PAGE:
China prepares for question of trust

The potential default of a trust product - the first of a financial instrument in China - would be a necessary step to providing investors with the proper tools for risk assessment

This year looks set to be an unsettled one for China’s financial markets as the government starts to deal with its debt issues, including the possibility of allowing the default of certain products.

Usually, the government would step in to guarantee any loss incurred in financial markets but Beijing appears determined to continue its reforms and instill proper risk pricing, making a default much more likely.

One reason for the change is that the government has made noises that it would let market principles play the decisive role in pricing and risk-finding, and meddling in the default process contradicts this.

The other reason is that China’s debt size has mushroomed and the government can’t bail out them all.

That is why the possible default of a Rmb3 billion ($490 million) bank-trust product is a moment that will be welcome by the government and the market.

The product, called Chengzhijinkai No. 1, may be the first financial product to default, as the issuer China Credit Trust and distributor ICBC Shan'xi branch refused to be liable for the losses and pay investors back by the end of this month.

The risk of default for this product has been present for a long time, as the project for which money was borrowed was never started, and the money diverted to repaying other debt, according to media report.

A Barclays report also expects a wave of defaults could be coming since trust products have shown substantial growth since 2011 with most products averaging 2-3 years in maturity. The analysts noticed that this year is a peak maturing period and the pace of problem products is accelerating rapidly.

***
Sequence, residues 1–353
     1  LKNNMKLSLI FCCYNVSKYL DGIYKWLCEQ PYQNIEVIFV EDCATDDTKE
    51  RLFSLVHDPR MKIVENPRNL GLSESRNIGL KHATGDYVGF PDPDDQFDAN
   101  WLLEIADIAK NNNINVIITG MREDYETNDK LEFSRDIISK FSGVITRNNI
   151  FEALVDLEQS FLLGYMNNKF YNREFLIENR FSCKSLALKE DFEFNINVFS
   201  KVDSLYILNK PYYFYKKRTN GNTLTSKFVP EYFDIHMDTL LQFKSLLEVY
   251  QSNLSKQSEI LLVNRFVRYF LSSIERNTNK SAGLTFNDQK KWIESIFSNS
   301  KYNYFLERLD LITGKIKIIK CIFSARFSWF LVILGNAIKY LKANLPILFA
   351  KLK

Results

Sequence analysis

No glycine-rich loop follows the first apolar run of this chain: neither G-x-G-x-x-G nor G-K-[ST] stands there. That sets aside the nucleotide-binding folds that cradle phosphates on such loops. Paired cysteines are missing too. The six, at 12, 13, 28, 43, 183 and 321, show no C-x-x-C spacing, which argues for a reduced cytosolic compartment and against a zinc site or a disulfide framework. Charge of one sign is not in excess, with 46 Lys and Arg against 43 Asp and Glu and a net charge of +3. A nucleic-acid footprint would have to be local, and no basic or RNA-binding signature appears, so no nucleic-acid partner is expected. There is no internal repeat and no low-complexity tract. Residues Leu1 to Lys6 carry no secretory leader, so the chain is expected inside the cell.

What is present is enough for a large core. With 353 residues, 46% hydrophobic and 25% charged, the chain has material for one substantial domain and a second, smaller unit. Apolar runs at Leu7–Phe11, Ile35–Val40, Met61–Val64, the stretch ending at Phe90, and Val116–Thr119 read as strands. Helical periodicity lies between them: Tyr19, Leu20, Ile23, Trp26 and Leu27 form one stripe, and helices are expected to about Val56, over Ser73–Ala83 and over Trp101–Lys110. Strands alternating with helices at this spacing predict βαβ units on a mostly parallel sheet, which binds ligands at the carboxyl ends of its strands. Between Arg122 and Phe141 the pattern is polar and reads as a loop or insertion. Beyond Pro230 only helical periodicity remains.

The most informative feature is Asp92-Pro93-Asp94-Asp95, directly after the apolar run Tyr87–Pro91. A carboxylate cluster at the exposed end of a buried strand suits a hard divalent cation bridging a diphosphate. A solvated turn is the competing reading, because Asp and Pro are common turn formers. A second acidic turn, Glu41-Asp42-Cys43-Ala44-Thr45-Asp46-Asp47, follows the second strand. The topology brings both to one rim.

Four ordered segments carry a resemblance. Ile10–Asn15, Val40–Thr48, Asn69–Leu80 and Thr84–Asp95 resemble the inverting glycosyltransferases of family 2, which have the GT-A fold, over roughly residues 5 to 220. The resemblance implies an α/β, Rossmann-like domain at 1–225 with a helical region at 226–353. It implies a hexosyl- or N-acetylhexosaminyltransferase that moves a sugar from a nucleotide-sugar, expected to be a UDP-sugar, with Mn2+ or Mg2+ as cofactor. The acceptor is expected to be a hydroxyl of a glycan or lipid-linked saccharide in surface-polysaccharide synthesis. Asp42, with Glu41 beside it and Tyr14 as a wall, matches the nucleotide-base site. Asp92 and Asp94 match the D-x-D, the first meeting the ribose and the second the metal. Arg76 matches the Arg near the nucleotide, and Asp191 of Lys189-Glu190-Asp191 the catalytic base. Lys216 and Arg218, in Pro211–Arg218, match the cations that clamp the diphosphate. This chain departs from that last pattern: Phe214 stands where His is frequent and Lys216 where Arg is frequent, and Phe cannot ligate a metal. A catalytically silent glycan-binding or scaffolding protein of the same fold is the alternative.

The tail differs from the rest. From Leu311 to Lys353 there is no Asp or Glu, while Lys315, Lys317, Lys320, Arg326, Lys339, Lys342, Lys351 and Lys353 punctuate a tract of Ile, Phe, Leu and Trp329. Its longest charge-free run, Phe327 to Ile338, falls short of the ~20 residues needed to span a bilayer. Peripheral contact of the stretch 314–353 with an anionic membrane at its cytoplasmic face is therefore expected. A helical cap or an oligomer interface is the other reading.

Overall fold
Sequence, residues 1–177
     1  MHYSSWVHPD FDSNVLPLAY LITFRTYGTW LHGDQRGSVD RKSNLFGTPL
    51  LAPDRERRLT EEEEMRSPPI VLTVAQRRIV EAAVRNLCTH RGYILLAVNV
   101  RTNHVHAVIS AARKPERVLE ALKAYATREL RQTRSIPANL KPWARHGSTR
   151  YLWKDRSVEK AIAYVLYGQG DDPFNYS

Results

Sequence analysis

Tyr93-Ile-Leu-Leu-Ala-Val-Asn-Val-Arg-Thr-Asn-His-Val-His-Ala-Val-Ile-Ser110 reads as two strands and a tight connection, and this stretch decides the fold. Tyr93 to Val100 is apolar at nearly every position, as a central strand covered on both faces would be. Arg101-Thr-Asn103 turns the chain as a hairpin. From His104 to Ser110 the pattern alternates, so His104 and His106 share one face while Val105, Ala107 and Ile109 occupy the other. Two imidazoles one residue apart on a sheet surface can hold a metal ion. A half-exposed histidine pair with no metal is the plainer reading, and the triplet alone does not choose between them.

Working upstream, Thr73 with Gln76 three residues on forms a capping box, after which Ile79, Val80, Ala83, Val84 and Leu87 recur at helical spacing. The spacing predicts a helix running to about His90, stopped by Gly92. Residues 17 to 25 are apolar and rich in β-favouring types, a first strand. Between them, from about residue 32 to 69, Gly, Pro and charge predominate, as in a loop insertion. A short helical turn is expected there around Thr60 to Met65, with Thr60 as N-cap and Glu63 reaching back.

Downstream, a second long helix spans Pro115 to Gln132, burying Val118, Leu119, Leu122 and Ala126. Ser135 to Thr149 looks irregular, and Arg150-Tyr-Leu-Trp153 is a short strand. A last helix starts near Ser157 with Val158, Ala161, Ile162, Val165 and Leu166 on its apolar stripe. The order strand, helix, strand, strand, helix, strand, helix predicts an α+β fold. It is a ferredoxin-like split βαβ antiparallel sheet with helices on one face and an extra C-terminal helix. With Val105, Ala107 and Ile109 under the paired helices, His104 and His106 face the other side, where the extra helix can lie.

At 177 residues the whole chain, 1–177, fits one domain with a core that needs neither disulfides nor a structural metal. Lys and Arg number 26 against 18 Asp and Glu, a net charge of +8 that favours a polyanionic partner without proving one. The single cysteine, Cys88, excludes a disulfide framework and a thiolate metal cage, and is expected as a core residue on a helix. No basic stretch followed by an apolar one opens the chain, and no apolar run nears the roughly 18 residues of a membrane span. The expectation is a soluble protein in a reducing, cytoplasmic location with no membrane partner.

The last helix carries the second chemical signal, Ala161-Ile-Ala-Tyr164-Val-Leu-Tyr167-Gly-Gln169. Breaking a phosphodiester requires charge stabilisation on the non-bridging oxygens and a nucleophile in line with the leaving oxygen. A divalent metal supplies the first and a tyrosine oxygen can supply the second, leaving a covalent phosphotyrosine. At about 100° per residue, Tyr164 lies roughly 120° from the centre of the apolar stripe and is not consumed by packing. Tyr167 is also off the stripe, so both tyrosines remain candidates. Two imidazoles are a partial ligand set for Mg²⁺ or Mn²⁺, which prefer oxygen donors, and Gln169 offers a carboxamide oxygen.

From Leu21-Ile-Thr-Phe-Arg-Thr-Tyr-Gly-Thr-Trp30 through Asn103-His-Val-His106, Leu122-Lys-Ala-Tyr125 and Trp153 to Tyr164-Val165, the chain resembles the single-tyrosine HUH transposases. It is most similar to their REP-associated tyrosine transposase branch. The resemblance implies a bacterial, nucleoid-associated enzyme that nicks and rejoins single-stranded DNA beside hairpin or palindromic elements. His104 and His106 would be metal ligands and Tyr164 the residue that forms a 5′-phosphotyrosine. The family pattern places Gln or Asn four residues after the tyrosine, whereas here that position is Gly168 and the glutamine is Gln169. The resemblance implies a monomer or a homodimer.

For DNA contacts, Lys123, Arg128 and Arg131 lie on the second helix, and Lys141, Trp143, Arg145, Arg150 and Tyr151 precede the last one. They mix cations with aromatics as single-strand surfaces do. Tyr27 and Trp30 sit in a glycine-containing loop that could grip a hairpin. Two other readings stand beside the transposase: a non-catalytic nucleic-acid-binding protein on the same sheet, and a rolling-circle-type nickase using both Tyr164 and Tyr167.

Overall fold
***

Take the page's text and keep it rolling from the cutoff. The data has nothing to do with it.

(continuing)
Trust products, sometimes seen as parts of wealth management products, are issued by trust companies with a high yield with the underlying assets usually high-risk such as property projects or mine assets. Commercial banks would like to sell trust products to its clients for intermediate fees.

While investors may suffer from the default, Chinese regulators are more likely to welcome such a trust product default.

“That's [The default is] a necessary evil to clean up the financial system, correct credit misallocation and drive down cost of funding,” said Steven Sun, head of China equity strategy with HSBC.

The authorities have put local government debt as one of the government’s top priorities this year, the State Council rolled out Regulation 107 to control banks’ off-balance sheet activities, and the central bank allowed the Shanghai interbank Offered Rate (Shibor) and bond yields to stay at high levels to curb banks’ off-the-sheet lending.

“Not allowing any default is not fair to the issuers who have conducted due diligence carefully, done research on the details of products and select proper ones, and highlighted the risks to investors,” Zhang Qiong, head of investment products and services with UBS Securities wealth management, earlier told FinanceAsia.

Furthermore, market observers do not take a trust product default as a serious sign of a system collapse because the buyers of trust products are high-net worth investors (usually with Rmb3 million or more in investable assets) who are supposed to understand investments and who are less likely to protest on the streets.

“What will really spill over to financial markets is a debt default from a local government financing vehicle,” said Cui Wei, head of China equity strategy with Bank of America Merrill Lynch.

Cui believes that if one local government announces a debt default, a psychologically very important event, it will trigger a crash of confidence in the so-called “implicit guarantee” by the government.

The proportion of China’s social debt to gross domestic product (GDP) has risen from 129% in 2007 to 199% as of the end of the first half of 2013, according to Cui. The growth of social debts was mainly driven by strong increase of corporate debt (37%) and local government debt (16%).

Among the debts, more than 40% was generated off-the-banking-system, or say, by lightly regulated non-bank system or the shadow banking, compared to 5% in the early 2000s.

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